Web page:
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DNS Split Brain

Split-Brain DNS is when the same DNS name is used for internal and external clients. This video looks at the problems associated with Split-Brain and how it may be configured to get around these problems. The choice of Split-Brain or the alterative whole brain approach is up to the individual administrator to decide which approach is best for the network that they support.

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Network Example
If you use the same DNS name for the internal network and the external network, the simplest way to implement this would be to use the same zone data on the internal and external network. The problem with this approach is twofold. Firstly this means that the internal DNS records are now exposed to the internet and a hacker may get this information. Using this information, the hacker can foot print the network and gain a good understanding of how many clients and what types of services you have on the network. The second problem is that internal clients may use different IP addresses to access resources than external clients. For example, the company web site may have an external IP Address but the routing on the network does not correctly route internal clients to the web page. In order for this to occur, the internal clients must use an internal IP Address. The DNS server will not know which IP Address to respond with.

Whole Brain DNS
The whole brain approach is when different domain names are used for the internal and external network. A common approach is to use .local for internal networks and .com for external networks. Using this approach it is quite easy to understand and set up for the administrator. It does however make it a little more complex for the user and thus you are making a trade off from a simple network to look after to one that is more complicated for the end user to use. Using the whole brain approach means that if a hacker were to gain access to the DNS records in the .com namespace, these DNS records are publicity available anyway so this is not really a security concern. The .local records are used on the internal network and thus a lot harder for a hacker to gain access to these.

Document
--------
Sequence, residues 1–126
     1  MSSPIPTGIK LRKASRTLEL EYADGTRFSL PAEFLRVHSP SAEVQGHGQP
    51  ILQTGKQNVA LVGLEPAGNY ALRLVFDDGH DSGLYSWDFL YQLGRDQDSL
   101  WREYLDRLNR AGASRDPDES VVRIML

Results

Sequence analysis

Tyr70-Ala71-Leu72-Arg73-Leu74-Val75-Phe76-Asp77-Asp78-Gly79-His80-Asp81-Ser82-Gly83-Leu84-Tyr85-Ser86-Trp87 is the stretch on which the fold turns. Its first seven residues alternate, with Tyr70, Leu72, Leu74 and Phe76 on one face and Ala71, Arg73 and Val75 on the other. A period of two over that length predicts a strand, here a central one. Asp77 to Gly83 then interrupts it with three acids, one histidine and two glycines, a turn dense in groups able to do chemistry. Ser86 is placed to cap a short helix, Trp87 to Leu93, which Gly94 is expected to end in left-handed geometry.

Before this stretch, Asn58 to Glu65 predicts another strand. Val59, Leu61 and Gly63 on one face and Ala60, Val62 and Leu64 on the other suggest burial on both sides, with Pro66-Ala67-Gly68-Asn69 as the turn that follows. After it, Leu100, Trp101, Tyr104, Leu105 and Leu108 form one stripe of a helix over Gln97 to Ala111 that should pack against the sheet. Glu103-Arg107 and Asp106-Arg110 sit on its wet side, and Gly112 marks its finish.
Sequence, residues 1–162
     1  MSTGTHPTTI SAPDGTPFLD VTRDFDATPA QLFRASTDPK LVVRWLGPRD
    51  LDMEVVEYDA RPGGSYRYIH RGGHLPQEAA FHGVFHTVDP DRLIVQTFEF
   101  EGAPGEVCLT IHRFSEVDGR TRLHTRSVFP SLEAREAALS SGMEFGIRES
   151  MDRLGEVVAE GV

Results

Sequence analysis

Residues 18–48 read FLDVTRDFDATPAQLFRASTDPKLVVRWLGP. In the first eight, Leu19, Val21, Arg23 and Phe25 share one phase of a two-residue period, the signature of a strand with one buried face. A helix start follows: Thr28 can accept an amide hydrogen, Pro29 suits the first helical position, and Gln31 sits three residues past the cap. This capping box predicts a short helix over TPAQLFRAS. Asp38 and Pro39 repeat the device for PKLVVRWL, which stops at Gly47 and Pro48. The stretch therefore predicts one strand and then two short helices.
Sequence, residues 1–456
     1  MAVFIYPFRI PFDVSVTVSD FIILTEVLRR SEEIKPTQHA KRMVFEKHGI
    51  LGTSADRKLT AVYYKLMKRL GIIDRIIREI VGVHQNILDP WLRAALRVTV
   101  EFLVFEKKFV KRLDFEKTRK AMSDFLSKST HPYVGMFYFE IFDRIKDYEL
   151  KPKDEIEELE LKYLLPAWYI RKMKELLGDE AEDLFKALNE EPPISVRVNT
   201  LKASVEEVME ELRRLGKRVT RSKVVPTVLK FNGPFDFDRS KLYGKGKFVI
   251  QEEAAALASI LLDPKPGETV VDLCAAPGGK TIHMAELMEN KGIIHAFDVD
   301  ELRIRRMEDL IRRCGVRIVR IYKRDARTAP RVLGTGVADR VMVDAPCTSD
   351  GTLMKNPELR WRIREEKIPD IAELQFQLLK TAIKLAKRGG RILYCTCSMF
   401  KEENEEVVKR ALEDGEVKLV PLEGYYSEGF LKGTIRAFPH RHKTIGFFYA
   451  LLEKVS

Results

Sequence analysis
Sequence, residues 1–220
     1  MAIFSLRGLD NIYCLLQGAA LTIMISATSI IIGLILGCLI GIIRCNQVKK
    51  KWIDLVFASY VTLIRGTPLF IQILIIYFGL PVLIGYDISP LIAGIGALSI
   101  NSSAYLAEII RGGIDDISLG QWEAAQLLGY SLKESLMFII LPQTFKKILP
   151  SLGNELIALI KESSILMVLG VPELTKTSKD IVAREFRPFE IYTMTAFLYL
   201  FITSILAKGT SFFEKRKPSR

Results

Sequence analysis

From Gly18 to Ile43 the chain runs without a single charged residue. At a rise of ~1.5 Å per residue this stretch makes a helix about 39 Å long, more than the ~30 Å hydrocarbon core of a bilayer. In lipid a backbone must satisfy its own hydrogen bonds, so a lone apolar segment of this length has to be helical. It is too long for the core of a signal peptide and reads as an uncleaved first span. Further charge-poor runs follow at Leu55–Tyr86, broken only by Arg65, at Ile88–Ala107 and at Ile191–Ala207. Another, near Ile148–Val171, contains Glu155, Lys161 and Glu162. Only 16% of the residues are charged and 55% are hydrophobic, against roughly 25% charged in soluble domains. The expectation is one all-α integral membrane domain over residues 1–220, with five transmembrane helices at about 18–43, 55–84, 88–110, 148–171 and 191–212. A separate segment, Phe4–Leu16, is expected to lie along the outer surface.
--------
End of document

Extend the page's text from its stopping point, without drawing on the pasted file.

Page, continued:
If the internal DNS server cannot resolve a DNS request, for example it is asked for the IP Address of google.com, this DNS request can be forwarded to the other DNS server which can resolve it. This adds additional security to the network meaning that the internal DNS server does not have to communicate directly with the internet.

Split-Brain DNS
The best way to implement split-brain is to have two different zone files for the same DNS name. The internal DNS server would hold its own set of DNS records while the external DNS server would hold a different set. This means that if an attacker was to gain access to the external DNS server, they would only be able to gain access to DNS records that are publicity available.

Problem with Split-Brain
The problem with Split Brain is that depending on how a user accesses the network will determine which resources they will be directed to. The most common example is when the user connects via a VPN connection. When connected via a VPN connect the user will be accessing the network just like they were in the office. If you have resources with the same name, like web server or mail servers, the user may be directed to the wrong service. This can become more complicated when you have companies with different offices and divisions around the world. Making sure the user is directed correctly can become quite difficult.

When a user connects using a service like DirectAccess, DirectAccess has the ability to configure rules which will direct the user to resources based on their connection. Although this is possible, it does make it more difficult for the administrator as the rules need to be configured.

Non Registrable Domain Names
There are a number of domain names ending in the following that will never be able to be registered. These are .test, .example, .invalid and .localhost. Under gLTD (Generic top-level domain) it is possible to register domain names ending in keywords like .apple, .xbox etc. In order to get one of these domain names, a company must put in an application and have it approved. This is a long process and a company must show just cause and meet a number of requirements in order to get the top level domain. It is nowhere as simple as registering a domain name. If a company attempted to register the top level domain name .local this would be declined. This means that you are safe to use domain names ending in .local even though it is not listed as a non registrable domain name.

References
“MCTS 70-640 Configuring Windows Server 2008 Active Directory Second edition” pg 449-451
“Split-Brain DNS” http://technet.microsoft.com/en-us/library/ee382323(v=ws.10).aspx
“Footprinting” http://en.wikipedia.org/wiki/Footprinting
“gTLD Applicant Guidebook Version 2012-06-04” http://newgtlds.icann.org/en/applicants/agb/guidebook-full-04jun12-en.pdf 2-9 to 2-10

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